Piglia tre pani he levali la crosta he gratali molto bene he metteli supra una tavola, he metteli atorno una libra he meza de bona farina; he mete cum lo dito pane quatro ho cingue oca he batile bene cum lo cultello risguardando sempre lo pane cum la dita farina; he quando te parirache sia minuto como (f* 8r) anesi confetti, pone ogni cosa in uno sedazo he cacia fora la farina; poi falli secare alo sole ho alo focho; et quando li vorai cocere, coceli in brodo de carne, he fallo ghialdo cum saffrono; he falle bullire adasio per spacio de meza hora; et mette de sopra le menestre caso he specie.

Take the crusts of three loaves of bread. grate them, set this on a table and lay out a pound of and a half of fine flour around it; and put five eggs in with the ground bread and beat that well with a knife, always being careful (to coat) the breadcrumbs well with the flour; and when you have lumps that look to you to be the size of candies aniseed, put everything into a sieve and discard the (excess) flour; then dry them in the sun or by the fire. When you want to cook them, use meat broth made yellow with saffron; boil them gently for half an hour, serve them up garnished with cheese and spices.


The book commentary says “think ditallini.” I disagree. I think “couscous.”

This is about the easiest recipe I have made to date, but it relies on a couple of factors.  Use of a food processor is extremely helpful for ease of production.

I saved the crusts from several loaves, and staled them in a low oven while it was cooling from making some other dishes.  I crushed them and processed them, then ran them through a coarse strainer to make sure they were of a size.


bread crusts stacked and placed on baking sheets to dry

making breadcrumbs

The first time I made this, I worked from the proportions in the book. Knowing I had 5 eggs of indeterminate size and a pound and a half (not modern pounds! only 12 oz lb, so 18 oz in modern parlance) of flour, I started with a half pound of bread crumbs. There was a lot of tweaking, as I made this dish on dry days and more humid days, and each time the proportions changed.   Be prepared to add more eggs or flour, but do not add more breadcrumbs, as the addition will become gummy and harder to recover.

After several batches, the following numbers are pretty reliable in a medium processor, and result in both a quantity that comfortably fits an oven and that feeds 4 people an ample portion.


1 c (150g) home made breadcrumbs (I do not suggest commercial, they have quite an ingredient list)

3 eggs, about 150g  to coat, a fourth in reserve for in case.

1/2 c (100g) farina, fine semolina, or other very fine low gluten flour, as needed.

To serve the dish, I needed

about a half gallon of nice broth, or a quart of stock. This is most of the flavor in the dish, so if it tastes good the dish will as well.

Saffron if you like it (I like it!)

4 oz ricotta, farmers cheese, queso fresco, or other creamy new cheese

1 tablespoon Spices as you prefer. I chose black pepper, canela, and clove.


Place the breadcrumbs in the processor, and add the eggs. Whir until you have  a homogeneous paste. It should look gritty, like concrete, rather than soupy.

Add flour until the mass separates into tiny pellets. If they seem too small or incompletely coated, add more egg then more flour until you feel you have a pleasantsize and presentation of pasta. Remember that too large a pellet will be difficult to dry, and uneven in an elegant serving.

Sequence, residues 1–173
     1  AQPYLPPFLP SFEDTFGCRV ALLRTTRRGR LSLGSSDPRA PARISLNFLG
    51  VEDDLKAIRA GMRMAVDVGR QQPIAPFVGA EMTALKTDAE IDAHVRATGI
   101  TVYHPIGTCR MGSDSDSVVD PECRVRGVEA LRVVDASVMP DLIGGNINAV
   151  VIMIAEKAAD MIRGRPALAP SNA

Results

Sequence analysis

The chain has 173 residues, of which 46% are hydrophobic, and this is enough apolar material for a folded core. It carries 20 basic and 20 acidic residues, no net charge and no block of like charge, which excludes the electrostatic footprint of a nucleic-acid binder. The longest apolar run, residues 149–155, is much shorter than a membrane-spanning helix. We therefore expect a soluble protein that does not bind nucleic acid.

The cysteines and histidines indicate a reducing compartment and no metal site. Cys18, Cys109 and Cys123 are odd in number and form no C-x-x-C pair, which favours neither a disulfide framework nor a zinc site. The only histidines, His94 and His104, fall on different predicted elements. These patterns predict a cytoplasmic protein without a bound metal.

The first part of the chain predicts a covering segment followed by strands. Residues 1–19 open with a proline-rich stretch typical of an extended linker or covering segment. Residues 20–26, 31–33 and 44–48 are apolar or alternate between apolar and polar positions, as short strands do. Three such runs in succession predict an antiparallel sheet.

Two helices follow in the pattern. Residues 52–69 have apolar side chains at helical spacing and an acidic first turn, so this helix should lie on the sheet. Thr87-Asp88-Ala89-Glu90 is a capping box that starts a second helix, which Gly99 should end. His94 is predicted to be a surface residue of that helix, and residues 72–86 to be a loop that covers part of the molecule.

Spread out evenly on baking sheets and place in the bright dry sun, or alternately, place in a low oven for several hours, There will be quite a bit of shrinkage. I choose to turn the pasta several times, to avoid clumping and aid drying.

coarse pellets laid out on two pans to dry in the oven

thin layers dry faster

You can now store the pasta in a cool dry container, such as a mason jar in the fridge. or a zip bag in the freezer.


In order to prepare the dish for service, put about a half cup of broth per person into a pot, and add the optional saffron.

When the broth is warm, add a quarter cup of pasta per person to the pot, and watch carefully, Add more broth as needed, as the pasta absorbs. I prefer the dish dry, but you may prefer it with more liquid. I prefer not to stir overmuch, just enough to prevent clumping.  I find it works much better to add pasta to broth, rather than the other way.

hot broth in a pot, the pasta is being poured in slowly while stirring to prevent clumping

gently adding the pasta do the broth

If there is too much broth, you might allow it to simmer down, but if there is not enough broth and you are running low, water will not ruin the dish.

To serve, place in a warmed bowl, top with a dollop of milky cheese, and sprinkle with spices. Alternately, this would be a lovely bed for a roast or braised dish.

There is a fair amount of room to adapt this dish, whether by using an herb or vegetable broth, or making it more brothy or more fluffy by changing the broth proportions. The only things that cannot be adjusted are that it is unabashedly an egg and wheat dish.

Scully, Terence. The Neapolitan Recipe Collection. 4th ed. University of Michigan: University of Michigan Press, 2000. 178. Print.


The Neapolitan Cookbook has several pasta dishes. 15, 16 and 17 are all related.

In the interest of using some leftover tubettini from the prior night, I used aspects of them for my quick lunch dish.

a brown bowl filled with small beads of pasta, and topped with grated white cheese.

quick, tasty, and light